Rounding the corner and heading for home always brings a change in attitude. Much like the first day of a ride, you want to put on the miles. Our first day on this adventure we rode 440 miles, today I rode 432.
Jim and I agreed to ride about half way home and spend the night. Once we hit Redding, California, we knew we were headed home.
The weather was iffy leaving Crescent City but we decided against the heavy stuff.
We made it about forty miles before we had to stop for bridge construction. It was warming up and it looked like it would be a long stop so I took off my jacket and stowed my sweatshirt. I took a couple of shots of Jim stretching before putting my jacket back on. The camera fell out of my jacket pocket, hit the ground, and broke. There is nothing visible but the viewer remains black. It will record an image but you have no idea what you are shooting.
We saw warning signs for Elk. Rounding a gentle curve, I saw a white van stopped in the roadway. Jim braked, and just before he stopped, the van moved away. Wondering what had caused the stop, I scanned both sides of US 101. Grazing in the front yard of a ranger station were at least a dozen Elk.
Later, coming into McKinleyville I saw at least forty Elk peacefully munching a farmer’s alfalfa crop.
The following picture of the California Coast line was taken blind.
At Arcata, we turned east on California 299. 299 is a great ride and we have crossed it several times during Brown Water Runs.
I first crossed 299 more than fifty years ago. A freshman at Humboldt State College, I had relatives in Redding. So one Saturday morning I put out my thumb and away I went. Back then 299 was a true adventure, more like a corkscrew that a highway. I think the speed limit was 35 MPH. There were not a lot of warning signs. I got a ride on a loaded logging truck. It was an experience that I would not like to repeat.
About a month later, three fellow students and I decided to go to a dance at Chico State College. One of the guys had a cousin who was a student there. According to MapQuest it’s about 210 miles from Arcata to Chico. I know it was further back in 1962. It took us twelve hours each way. With the bald tires on my old Ford we slid across a few curves and off the road once or twice.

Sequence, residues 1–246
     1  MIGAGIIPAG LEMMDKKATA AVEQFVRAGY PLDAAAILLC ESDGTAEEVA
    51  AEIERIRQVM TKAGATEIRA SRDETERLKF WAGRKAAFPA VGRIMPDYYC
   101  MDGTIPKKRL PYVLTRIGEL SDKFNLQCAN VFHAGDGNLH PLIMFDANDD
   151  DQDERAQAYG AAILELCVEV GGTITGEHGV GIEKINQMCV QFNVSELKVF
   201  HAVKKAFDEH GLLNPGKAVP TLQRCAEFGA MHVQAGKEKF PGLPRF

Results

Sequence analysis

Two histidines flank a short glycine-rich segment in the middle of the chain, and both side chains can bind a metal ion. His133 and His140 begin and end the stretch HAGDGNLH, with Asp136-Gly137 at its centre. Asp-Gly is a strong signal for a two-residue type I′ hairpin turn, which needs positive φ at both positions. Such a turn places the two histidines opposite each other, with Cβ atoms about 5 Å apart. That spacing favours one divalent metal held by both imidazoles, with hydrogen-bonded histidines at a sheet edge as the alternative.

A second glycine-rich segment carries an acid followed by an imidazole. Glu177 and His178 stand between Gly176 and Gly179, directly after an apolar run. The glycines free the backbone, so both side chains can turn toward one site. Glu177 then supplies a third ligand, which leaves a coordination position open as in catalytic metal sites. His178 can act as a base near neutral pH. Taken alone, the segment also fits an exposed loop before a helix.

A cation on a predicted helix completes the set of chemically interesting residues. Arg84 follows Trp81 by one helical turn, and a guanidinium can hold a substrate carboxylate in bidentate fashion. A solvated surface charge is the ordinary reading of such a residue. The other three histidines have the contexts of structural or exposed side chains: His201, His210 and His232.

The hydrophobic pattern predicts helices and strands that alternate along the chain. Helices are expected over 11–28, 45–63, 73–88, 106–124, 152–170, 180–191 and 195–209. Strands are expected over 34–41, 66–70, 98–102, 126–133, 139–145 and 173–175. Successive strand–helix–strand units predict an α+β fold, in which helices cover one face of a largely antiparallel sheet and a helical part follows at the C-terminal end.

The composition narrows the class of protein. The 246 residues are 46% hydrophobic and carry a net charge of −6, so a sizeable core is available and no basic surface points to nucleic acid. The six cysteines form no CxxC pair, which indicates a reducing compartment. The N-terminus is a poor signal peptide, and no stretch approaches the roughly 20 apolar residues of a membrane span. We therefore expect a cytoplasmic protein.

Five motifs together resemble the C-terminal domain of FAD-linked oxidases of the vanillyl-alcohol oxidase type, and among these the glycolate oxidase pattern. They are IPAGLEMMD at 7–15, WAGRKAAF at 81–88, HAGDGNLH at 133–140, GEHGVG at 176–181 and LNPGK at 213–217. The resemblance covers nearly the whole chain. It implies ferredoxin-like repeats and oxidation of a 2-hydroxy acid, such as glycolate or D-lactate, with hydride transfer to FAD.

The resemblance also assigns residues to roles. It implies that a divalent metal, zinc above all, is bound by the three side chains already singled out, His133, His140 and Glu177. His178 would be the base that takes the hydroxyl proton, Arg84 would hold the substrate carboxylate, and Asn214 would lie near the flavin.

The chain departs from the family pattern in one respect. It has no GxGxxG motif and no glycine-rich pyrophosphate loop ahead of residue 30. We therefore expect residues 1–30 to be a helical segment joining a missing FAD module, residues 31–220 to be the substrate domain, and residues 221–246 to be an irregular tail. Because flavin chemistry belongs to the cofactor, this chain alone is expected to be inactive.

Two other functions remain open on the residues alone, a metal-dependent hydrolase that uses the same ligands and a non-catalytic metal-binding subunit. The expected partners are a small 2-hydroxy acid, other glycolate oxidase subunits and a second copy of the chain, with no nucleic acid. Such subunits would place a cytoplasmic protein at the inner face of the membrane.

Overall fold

We slept on the floor at a Sorority house and had a ball at the dance. Chubby Checker was reigning supreme at the time. The only thing I remember clearly was doing the Twist.
Cal-Trans is still straightening out 299. We got stuck at a realignment project.
We passed a couple of cars on the right and pulled under a tree at the side of the road. The shade made it bearable. The picture was taken with my iPhone.
Once in Redding we fueled up and headed home. I-5 from Redding south can be best described as miserable and hot. I wasn’t disappointed.
Our next outing is only two weeks away. July 5th is the beginning of the 2013 Brown Water Run. We have over twenty riders confirmed.
Jim and I are already forecasting a ride for 2014. The plan is to ship the Harleys to Halifax, Nova Scotia. We’ll fly there and ride down the coast to New Orleans and ship the bikes home. The route is about 3,200 miles. But we never take the direct route. With Jim leading the way, we should cover at least 4,000 miles.
Jim has never been to Key West, Florida, and I am always up for a bit of scuba diving at John Pennekamp Coral Reef State Park, Key Largo. With any luck the Phantom will be well enough to join us, and maybe even a few other hardy souls.
i like the chico story. i never knew you went to humboldt!
Probably a lot of things you don’t know about your papa.
You take better pictures blind than I do with a viewfinder. All in all, I’ve been envious the entire trip. Welcome back to CA.
If the Phantom is able, I would love to make at least the Southern part of this trip. And if I cannot, at least I could meet you in New Orleans. Gotta see the WWII museum by Stephen Ambrose, and it is only about 9 hors away. Jeff
Welcome back. We’ll see you July 8th? Or is the Brown Water Run longer than a weekend?